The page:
Most Chinese internet firms face a common problem known as the ‘Tencent ceiling’ – or more specifically, the question of what to do if Tencent comes onto their turf and offers direct competition.
This is a riddle Renren – once hyped as China’s Facebook – failed to solve. The Nasdaq-listed firm began to lose its appeal after Tencent launched its networking and messaging app WeChat. Since 2011 it has lost 90% of its market value. But Zhou Yahui, a former Renren staffer, found a way to burst through the Tencent ceiling. And he is now being dubbed as China’s richest man under 40.
Zhou was born in 1977 in the scenic city of Lijiang in Yunnan, the son of junior government officials. In 1999 he was admitted to the postgraduate school at Tsinghua University, although he decided to suspend his studies as part of a trial scheme that saw the university grant seed capital to some of its students.
With a grant of Rmb500,000, Zhou created a website that claimed to be China’s biggest provider of original online comics. The business survived for four years (the other 19 startups funded by Tsingua all failed too).
In 2004 Zhou returned to Tsinghua to finish his studies. But a year later he left to join Renren, learning how to run an internet firm from his new boss Chen Yizhou.
In 2008 Zhou moved again, leaving Renren to establish Kunlun Tech, his second startup.
Kunlun initially distributed online games in China, specialising in free, browser-based role-playing games. “I also had to face the Tencent ceiling,” Zhou later recalled, given Tencent’s dominance of online gaming. With Tencent focused on the Chinese market, Zhou looked for less contested turf in other Asian countries. The company started exporting titles to portals in Japan and Korea and Southeast Asia. “In China we can never defeat Tencent,” Zhou told Sina Tech. “But it took four years for us to be the second largest web-based gaming firm in Korea, and the biggest in Japan.”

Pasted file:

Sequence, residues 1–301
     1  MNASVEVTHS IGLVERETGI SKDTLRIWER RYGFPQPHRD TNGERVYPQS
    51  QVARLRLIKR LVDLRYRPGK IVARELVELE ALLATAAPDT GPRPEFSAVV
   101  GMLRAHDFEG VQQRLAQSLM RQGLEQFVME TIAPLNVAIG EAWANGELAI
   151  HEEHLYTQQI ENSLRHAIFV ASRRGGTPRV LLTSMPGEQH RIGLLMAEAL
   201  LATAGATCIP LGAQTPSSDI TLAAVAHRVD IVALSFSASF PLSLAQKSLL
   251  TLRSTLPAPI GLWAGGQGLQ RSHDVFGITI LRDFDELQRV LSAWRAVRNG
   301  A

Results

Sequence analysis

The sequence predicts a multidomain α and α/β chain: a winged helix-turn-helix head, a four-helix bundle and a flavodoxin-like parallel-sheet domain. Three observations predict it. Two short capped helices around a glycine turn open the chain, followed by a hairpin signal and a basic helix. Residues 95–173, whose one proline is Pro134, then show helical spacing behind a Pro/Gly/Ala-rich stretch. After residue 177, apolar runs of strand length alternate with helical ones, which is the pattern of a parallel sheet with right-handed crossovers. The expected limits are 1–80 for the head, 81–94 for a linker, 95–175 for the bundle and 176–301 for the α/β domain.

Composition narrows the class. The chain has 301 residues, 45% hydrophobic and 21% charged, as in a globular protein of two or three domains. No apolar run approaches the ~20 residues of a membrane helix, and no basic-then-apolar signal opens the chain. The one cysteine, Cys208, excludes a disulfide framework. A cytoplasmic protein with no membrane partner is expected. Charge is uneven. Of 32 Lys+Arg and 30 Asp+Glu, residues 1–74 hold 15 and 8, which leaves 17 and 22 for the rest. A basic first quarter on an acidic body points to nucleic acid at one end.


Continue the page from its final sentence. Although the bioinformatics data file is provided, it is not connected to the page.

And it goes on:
Kunlun went public on Shenzhen’s ChiNext stock market in January 2015. The company’s stock price surged more than 75% in two days, helping to raise Kunlun’s profile. The company now partners with the likes of Rovia, makers of the Angry Birds series, and Supercell, best known for the popular title Clash of Clans. In March the Hurun rich list estimated Zhou’s net worth at Rmb23 billion ($4 billion).
Need to know
“Chen Yizhou is always my master,” Zhou claims of his former boss. In fact, Zhou has followed Chen’s example and has himself become an active investor in other internet startups. His profile was raised internationally too when in March Kunlun acquired a 60% stake in Grindr, valuing the world’s most popular gay dating app at $155 million.
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